She shifted on the bed and thought carefully about her first confession. They’d mentioned some of the simple things before, like going on vacation and learning how to shoot a crossbow, but she didn’t want to start off with anything like that again. She’d managed to get something out of him when confessing that she’d never been in jail, but that became a sensitive topic. She didn’t know why, but she also didn’t want to push the boundaries they’d created. They were getting somewhere, and if she asked the right questions, she might get some answers. In this case, however, she had to confess some things because receiving an admission in return.

She decided against starting big and went with something relevant. “I’ve never… had a pet.”

“No dog?” he questioned, sounding genuinely surprised.

“Nope. Maggie tried to bring home a stray once, but my mom was really strict about it. She said it would open a can of worms with my dad. He’d start bringing his work home.”

“Merle used to have an iguana,” he said, “but he never took care of it. It pissed me off, so I let it go in the woods behind our house. It probably died, but at least it wasn’t stuck in that cage.”

The muscles in his jaw twitched at the memory. It made him uncomfortable, but she could see that he still considered it to be a fond memory. He missed his brother. Despite all of Merle’s bad qualities, Daryl loved him, and probably always would. She tried to imagine having a sibling like that -- one that you didn’t always agree with, but still chose in the end when it came to an ultimatum. If Maggie had taken up ranks with the Governor and tortured people, would she still be able to love her unconditionally? It was a hard thing to imagine, because no matter what she thought she would do, it didn’t matter. Maggie was most likely dead. Everyone they knew was most likely dead. It was just the two of them now, and as much as it hurt, she didn’t mind the company.

“That sounds like something you would do,” she said, pushing all thoughts of her family to the back of her mind.

He gave her a whisper of a smile and took his turn. “I’ve never played an instrument.”

This immediately cheered her up. “We’ve got a piano. I could teach you.”

A laugh escaped his throat. “Like what? Chopsticks?”

“Maybe,” she baited. “I’ve got nothing against Chopsticks. Or nursery rhymes for that matter.”

He bit his lower lip, pulling it between his teeth and pinching the skin. “Maybe tomorrow,” he suggested.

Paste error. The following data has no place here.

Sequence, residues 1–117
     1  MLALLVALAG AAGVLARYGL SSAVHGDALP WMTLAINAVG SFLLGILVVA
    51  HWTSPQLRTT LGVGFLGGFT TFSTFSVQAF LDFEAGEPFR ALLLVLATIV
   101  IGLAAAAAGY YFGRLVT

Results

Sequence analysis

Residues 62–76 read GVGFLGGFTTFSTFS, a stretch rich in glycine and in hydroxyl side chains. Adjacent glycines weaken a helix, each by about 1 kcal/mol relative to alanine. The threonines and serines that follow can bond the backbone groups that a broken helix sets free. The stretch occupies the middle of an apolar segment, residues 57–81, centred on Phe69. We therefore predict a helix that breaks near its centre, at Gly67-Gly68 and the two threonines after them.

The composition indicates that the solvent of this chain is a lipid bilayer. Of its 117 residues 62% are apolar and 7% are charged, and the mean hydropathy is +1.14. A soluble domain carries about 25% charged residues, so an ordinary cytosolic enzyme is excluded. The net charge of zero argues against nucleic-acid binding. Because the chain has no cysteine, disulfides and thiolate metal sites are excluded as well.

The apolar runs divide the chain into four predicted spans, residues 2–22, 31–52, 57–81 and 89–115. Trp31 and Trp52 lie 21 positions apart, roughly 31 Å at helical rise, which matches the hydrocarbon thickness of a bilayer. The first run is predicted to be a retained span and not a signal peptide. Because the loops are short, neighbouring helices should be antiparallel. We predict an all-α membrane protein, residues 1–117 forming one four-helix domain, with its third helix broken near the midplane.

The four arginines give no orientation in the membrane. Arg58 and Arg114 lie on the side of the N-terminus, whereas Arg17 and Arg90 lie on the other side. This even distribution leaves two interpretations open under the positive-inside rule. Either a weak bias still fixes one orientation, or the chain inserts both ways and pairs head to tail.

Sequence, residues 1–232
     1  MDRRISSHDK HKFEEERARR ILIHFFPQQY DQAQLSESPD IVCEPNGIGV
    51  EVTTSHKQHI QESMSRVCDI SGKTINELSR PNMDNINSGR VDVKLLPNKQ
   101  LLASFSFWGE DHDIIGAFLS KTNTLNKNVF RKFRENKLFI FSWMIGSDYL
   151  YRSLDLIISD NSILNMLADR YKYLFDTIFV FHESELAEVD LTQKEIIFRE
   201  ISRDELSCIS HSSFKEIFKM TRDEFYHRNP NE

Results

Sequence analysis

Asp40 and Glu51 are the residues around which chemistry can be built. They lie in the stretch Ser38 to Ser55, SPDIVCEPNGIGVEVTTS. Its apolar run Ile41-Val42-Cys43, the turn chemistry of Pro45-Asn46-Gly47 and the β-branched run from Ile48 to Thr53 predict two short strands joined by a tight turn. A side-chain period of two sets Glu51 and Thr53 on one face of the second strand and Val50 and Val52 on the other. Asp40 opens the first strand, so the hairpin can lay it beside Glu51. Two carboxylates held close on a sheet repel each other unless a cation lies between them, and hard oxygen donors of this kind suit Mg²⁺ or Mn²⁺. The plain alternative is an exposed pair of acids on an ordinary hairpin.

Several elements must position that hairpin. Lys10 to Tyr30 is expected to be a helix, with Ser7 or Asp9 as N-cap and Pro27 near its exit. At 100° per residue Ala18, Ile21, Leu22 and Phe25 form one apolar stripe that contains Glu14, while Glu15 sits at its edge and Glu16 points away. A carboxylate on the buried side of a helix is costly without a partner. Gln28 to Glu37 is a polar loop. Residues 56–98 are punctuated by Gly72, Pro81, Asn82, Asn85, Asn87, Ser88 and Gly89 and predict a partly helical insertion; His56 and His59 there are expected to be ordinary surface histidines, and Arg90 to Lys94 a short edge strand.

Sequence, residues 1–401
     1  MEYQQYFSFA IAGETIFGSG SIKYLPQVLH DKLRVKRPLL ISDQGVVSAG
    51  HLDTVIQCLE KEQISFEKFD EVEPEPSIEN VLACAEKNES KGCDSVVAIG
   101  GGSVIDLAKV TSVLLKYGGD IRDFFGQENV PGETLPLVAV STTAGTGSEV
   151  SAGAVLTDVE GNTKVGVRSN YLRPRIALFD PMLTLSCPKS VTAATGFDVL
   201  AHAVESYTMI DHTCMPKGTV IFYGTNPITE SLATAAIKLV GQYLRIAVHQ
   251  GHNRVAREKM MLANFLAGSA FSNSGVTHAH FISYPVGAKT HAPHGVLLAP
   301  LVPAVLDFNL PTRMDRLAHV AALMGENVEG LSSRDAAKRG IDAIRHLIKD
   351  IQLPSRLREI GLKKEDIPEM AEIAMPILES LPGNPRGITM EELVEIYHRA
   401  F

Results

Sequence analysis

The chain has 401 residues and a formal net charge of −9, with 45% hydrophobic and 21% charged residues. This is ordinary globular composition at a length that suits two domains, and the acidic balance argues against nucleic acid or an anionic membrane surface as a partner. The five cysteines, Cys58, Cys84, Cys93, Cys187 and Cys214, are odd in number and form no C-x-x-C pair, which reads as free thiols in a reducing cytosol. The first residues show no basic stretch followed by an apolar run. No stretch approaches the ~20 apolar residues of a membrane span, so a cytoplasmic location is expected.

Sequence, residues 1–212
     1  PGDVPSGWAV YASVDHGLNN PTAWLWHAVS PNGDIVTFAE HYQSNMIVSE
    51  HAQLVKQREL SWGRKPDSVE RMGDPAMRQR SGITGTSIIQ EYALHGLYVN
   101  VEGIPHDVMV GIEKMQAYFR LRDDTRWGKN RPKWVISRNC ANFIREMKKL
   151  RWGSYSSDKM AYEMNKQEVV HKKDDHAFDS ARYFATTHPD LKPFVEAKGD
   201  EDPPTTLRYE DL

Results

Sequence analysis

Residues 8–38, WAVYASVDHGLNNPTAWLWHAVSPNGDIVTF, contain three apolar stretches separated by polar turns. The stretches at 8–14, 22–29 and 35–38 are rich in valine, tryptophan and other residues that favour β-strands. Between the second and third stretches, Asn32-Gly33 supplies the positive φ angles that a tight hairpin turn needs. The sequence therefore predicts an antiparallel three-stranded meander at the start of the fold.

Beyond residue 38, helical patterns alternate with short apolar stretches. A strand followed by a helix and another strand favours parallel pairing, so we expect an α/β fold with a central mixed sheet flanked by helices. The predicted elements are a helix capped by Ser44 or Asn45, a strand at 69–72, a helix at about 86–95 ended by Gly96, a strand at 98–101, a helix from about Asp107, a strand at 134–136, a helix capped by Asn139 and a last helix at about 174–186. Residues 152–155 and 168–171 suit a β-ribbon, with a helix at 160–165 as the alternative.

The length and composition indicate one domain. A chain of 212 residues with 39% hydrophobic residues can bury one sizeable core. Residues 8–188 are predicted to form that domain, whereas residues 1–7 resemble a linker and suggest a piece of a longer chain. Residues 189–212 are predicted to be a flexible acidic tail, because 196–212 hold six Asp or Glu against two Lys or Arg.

A sudden rustling caught their attention. It sounded like branches scraping against the side of the house. Wind whistled through the cracks, and she thought she heard the distinct sound of moaning. Walkers were just on the other side of the wall. A few feet of space separated her from the outside where they roamed. She inched away from the noise, but Daryl caught a sudden glimpse of fear that appeared without her consent. She tried to keep it to herself most of the time, but sometimes it was hard to hide the fact that she was downright scared. Being forced into the wilderness after watching her father brutally murdered played games with her head. She did her best to avoid the nightmares that haunted her dreams every night. True sleep rarely found her, but it’d been easier to relax since finding the house. They weren’t stuck in the open with one eye always set on the shadows, waiting for a walker to come out from behind a tree and take them by surprise. Sometimes it wasn’t the walkers they waited for. She still wasn’t sure what became of everyone at the jail. The people that attacked them could still be out there, and she didn’t want to know what would happen if they crossed paths.

“Hey.” His tone forced her to look him in the eye. It was soft and alluring. It pulled her in, and it made her relax almost instantly. “Why don’t cha come down here with me?”

He picked up his crossbow from where it had been laying beside him and propped it against the door on the opposite side. The space on the floor called for her, so she listened. They rested their shoulders against one another, and she began to feel her heartbeat calm. It was no longer racing, but it continued to beat at a quickened pace. Being this close to him felt different than being in his arms. When he carried her, she was forced to follow his lead. It was his actions that moved her and supported her. But this. She was in control of her position. She could move closer or further away by her own accord, and she found herself subconsciously leaning into him. It was like collapsing into a wall of clouds. He supported her almost weightlessly. It felt like floating.

She felt him stiffen slightly as she leaned into him, but then he relaxed and let his shoulder fall completely into hers.

“Your turn,” he whispered.